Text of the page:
Advanced Search

Home > Journals > Minerva Chirurgica > Past Issues > Minerva Chirurgica 2005 October;60(5) > Minerva Chirurgica 2005 October;60(5):305-26



A Journal on Surgery

Indexed/Abstracted in: EMBASE, PubMed/MEDLINE, Science Citation Index Expanded (SciSearch), Scopus
Impact Factor 0,877

Frequency: Bi-Monthly

ISSN 0026-4733

Online ISSN 1827-1626


Minerva Chirurgica 2005 October;60(5):305-26


Image-guided laparoscopic surgery. Review and current status

Mårvik R., Langø T., Tangen G. A., Lindseth F., Yavuz Y., Nagelhus Hernes T. A.

The main drawback with laparoscopic surgery is that the surgeon is unable to palpate vessels, tumours and organs during surgery. Further-more, the laparoscope only provides a surface view of organs. There is a need for more advanced visualizations techniques that can enhance the display presented to the surgeon so that important information below the surface of the organs is included when planning the procedure as well as for guidance and control during treatment. In this paper, we present a review of the literature and the state of art within image-guided laparoscopic surgery. We describe our own experience using a prototype navigation system for advanced visualizations and guidance during laparoscopic procedures in the retroperitoneum. Furthermore, we show sample images from the Future Operating Room for laparoscopic surgery in Trondheim, where this technology is being further developed and tested in clinical studies. Our system is based on three-dimensional navigation technology, i.e. preoperatively acquired magnetic resonance or computed tomography data used in combination with tracked instruments, allowing the surgeon to interactively control the display of images prior to and during surgery with normal use of the instruments. In summary, we believe that abdominal image navigation using tracked instruments and advanced visualizations has a large potential for improving future laparoscopic surgery, especially in cases where vessels and anatomical relations beyond surfaces is difficult to identify using only a laparoscope. The technology helps the surgeon to better understand the anatomy and locate blood vessels. Accordingly, we believe that this new technology could increase safety and make it easier for the surgeon to perform successful laparoscopic surgery.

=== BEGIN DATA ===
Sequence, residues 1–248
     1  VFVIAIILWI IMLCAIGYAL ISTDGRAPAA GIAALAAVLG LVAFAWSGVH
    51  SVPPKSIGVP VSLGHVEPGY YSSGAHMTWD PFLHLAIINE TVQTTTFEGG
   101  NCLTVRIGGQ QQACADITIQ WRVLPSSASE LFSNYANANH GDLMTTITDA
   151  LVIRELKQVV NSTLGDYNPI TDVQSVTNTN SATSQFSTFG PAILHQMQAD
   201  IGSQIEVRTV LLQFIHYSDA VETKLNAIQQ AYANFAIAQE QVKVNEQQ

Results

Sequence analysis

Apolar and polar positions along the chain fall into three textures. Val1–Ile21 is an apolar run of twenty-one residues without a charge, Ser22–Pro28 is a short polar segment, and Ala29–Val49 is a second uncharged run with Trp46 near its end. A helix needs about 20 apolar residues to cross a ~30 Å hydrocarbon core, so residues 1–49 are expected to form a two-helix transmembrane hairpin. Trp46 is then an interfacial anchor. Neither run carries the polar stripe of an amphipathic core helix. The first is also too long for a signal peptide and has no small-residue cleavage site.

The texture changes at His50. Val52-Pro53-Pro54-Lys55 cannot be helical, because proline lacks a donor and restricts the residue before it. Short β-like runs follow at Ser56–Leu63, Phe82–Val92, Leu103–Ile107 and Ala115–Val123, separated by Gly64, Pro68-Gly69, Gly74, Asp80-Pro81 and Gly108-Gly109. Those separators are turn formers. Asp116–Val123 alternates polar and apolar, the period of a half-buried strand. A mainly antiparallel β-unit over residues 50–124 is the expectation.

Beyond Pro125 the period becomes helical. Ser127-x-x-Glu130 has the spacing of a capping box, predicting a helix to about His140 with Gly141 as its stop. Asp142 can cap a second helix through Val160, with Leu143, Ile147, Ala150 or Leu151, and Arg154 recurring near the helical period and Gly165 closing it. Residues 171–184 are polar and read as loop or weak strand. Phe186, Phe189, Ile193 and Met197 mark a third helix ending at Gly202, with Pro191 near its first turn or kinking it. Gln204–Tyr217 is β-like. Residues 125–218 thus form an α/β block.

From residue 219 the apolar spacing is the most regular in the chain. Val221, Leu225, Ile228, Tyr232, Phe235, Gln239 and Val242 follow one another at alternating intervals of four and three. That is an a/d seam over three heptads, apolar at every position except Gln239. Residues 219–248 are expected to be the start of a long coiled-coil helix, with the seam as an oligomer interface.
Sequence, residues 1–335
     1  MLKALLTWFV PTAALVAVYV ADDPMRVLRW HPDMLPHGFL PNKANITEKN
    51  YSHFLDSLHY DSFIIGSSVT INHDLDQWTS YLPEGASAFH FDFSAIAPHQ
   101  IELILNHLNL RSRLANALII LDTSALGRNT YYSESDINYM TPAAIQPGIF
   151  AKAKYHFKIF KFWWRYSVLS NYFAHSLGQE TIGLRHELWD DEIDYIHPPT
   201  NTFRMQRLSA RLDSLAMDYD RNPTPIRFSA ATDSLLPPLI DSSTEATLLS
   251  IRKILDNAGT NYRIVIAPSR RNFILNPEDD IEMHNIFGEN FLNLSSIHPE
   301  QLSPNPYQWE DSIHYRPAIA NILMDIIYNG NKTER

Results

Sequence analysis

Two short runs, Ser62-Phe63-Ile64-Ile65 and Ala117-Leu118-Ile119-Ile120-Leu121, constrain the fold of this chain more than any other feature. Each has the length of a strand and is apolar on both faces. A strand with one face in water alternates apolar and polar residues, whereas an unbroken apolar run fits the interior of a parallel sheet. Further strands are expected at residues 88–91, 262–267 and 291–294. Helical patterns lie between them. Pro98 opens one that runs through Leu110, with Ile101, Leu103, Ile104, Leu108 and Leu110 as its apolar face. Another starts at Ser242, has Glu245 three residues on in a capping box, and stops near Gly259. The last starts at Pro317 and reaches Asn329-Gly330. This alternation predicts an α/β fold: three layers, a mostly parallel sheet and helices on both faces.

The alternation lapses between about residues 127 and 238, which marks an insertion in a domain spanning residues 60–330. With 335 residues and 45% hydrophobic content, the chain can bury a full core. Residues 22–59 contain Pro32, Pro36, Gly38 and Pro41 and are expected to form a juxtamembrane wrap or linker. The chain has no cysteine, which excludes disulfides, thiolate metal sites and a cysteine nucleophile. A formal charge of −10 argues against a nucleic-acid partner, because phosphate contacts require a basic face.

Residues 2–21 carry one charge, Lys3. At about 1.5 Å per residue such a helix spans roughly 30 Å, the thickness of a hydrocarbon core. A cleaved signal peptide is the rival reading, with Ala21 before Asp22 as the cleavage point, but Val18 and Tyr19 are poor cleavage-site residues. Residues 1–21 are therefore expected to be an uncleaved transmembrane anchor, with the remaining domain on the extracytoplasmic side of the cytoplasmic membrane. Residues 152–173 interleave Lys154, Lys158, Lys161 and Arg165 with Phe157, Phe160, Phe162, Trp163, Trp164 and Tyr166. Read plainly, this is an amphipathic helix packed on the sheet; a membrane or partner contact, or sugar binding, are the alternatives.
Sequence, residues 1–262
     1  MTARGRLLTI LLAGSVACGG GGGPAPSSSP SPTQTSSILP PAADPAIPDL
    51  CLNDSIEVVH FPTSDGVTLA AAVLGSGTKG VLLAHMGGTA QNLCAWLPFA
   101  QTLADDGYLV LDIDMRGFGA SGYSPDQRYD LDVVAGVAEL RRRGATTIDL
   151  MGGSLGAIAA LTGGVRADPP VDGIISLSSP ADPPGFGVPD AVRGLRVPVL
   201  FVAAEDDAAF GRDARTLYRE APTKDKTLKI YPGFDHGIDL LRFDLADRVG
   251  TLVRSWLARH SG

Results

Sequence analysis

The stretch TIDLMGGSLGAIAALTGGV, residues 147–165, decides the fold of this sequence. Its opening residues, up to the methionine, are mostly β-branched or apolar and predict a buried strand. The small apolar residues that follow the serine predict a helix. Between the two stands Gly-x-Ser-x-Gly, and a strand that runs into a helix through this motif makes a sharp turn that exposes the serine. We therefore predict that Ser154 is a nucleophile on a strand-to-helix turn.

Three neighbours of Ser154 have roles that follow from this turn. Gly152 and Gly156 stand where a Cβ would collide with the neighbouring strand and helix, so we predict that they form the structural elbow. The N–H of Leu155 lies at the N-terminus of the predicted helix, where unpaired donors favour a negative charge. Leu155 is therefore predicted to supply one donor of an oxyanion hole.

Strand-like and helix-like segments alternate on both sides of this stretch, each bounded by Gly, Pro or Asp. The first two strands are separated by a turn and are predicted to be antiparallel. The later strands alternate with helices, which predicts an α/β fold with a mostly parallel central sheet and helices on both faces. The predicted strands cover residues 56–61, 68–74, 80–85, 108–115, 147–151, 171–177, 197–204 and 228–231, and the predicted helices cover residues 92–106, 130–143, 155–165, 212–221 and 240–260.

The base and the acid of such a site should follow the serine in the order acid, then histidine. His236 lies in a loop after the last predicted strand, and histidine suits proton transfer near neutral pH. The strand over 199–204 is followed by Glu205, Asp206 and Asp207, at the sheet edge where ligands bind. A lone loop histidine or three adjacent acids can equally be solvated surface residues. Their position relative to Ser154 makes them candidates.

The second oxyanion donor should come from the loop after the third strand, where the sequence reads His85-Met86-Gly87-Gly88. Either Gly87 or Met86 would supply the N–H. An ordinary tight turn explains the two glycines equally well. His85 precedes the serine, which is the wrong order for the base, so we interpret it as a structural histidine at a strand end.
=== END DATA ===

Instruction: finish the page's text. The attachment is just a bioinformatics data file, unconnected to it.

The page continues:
language: English


top of page